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In a painting commissioned by QSuper, Indigenous artist Martina Ah Sam has created a vibrant painting to grace the QInvest Townsville office.
As a girl, Martina Ah Sam searched for bush tucker with her grandmother, collecting berries along the river and catching goannas by their tails. Ah Sam’s mother, an Arrente woman, painted, and gave her daughter small ceramic pieces to decorate.
Those childhood experiences unite in the vibrant painting Ah Sam created for QInvest’s Townsville office. At the centre of the artwork, goannas scramble toward a burrow under conkerberry bushes. Circles of lighter blue represent water holes.
The painting is called ‘Night Hunt.’
“I sponge painted to make the overlay dark and light in places, like the night sky,” Ah Sam said.
Her painting is one of four that QSuper commissioned from Aboriginal artists to promote reconciliation and to make members of Aboriginal and Torres Strait Islander descent feel welcome.
Growing up in Mount Isa, Ah Sam sometimes entered her ceramic pieces in shows for fun. In high school, she took a few painting classes but learned mostly from her mum and by doing. Her mother worked in traditional Aboriginal colours of deep red, ochre and white.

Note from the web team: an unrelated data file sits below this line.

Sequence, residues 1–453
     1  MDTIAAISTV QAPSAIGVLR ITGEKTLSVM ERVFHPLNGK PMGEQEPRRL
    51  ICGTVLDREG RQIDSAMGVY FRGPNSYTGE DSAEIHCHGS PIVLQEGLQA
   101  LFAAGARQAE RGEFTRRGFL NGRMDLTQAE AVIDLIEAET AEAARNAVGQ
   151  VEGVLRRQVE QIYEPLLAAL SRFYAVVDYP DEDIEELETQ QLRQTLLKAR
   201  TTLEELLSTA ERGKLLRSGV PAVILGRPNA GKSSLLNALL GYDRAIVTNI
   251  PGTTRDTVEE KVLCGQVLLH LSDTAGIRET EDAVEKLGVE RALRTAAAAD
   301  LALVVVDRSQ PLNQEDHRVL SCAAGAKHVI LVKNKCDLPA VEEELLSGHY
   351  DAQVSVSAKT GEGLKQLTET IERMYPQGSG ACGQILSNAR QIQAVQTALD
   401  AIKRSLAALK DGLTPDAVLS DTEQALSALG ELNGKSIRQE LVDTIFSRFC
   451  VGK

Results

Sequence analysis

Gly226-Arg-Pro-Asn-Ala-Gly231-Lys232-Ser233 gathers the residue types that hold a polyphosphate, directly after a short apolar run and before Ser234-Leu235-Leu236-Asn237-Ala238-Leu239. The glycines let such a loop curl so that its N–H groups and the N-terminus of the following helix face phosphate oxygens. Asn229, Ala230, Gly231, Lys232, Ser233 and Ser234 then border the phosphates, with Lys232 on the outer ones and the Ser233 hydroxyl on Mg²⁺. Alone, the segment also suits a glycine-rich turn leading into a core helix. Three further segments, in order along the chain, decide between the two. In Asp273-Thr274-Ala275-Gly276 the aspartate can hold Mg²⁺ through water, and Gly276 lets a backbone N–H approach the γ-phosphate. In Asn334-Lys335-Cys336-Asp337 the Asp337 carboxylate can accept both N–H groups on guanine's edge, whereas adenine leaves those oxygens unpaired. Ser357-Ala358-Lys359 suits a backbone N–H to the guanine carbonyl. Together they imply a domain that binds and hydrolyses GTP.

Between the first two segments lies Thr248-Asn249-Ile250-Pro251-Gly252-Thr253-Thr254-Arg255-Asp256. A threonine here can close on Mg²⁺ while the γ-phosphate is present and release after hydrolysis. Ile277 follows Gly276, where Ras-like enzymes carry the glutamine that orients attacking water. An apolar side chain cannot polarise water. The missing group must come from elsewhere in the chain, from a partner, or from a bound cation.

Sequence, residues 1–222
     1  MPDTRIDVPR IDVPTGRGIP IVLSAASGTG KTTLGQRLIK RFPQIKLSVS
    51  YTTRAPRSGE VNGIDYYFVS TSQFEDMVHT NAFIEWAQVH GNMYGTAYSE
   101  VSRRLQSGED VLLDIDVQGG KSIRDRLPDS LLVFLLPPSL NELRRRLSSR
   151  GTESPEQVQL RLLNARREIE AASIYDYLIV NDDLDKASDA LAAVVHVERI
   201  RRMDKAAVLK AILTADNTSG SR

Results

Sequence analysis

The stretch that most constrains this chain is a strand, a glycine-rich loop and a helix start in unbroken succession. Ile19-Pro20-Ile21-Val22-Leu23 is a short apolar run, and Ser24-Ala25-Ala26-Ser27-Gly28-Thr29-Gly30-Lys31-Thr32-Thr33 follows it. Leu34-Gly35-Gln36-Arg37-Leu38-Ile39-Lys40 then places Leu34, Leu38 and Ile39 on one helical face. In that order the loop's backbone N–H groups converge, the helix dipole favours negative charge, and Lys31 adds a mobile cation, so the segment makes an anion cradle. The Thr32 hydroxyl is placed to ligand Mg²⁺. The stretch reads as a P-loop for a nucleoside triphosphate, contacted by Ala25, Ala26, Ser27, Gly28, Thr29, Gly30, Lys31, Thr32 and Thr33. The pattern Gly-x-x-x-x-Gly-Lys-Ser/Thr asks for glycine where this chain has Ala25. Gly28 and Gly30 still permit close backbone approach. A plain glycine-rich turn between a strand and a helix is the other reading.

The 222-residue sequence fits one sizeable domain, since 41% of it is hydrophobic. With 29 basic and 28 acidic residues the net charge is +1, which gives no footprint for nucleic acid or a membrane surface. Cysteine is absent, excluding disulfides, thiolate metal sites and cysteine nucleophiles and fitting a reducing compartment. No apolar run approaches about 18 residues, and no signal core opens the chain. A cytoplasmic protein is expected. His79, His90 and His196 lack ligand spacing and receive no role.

“As I got older, I experimented more with colour,” she said. On her canvasses and ceramic dishes, blazing yellows and greens mix with Pacific blues and traditional Aboriginal hues. Fish, goanna, witchetty grub and other bush tucker, tributes to her grandmother, dominate her work.
“We have a right to paint those things, as they are passed down through families,” she explained.
QSuper’s purpose is to provide members with the best possible retirement outcomes. And, as one of the country’s largest funds, QSuper is committed to supporting and improving the communities in which members live and work. Partnerships can help improve the wellbeing of our members and communities around Queensland. By supporting members to work well and live well, partnerships can make a meaningful difference.
Martina Ah Sam also uses pyrography to burn intricate designs into wooden serving boards. Recently, the deputy mayor of Townsville bought several of her miniature paintings to give as gifts on a trip to Taiwan.
Ah Sam lives in Townsville with her husband and two children. When they return to Mount Isa, they hunt for bush tucker.
“When we go back home, we love to take the kids out and teach them what I grew up with,” she said.
In June 2018, we launched our first Reconciliation Action Plan (RAP), which demonstrates our dedication to advancing reconciliation in Australia.
Our RAP focuses on improving financial literacy, promoting cultural awareness, and increasing access to superannuation services and potential benefits. We will deliver practical actions that can help build stronger relationships with, and enhance respect for, our First Australians.
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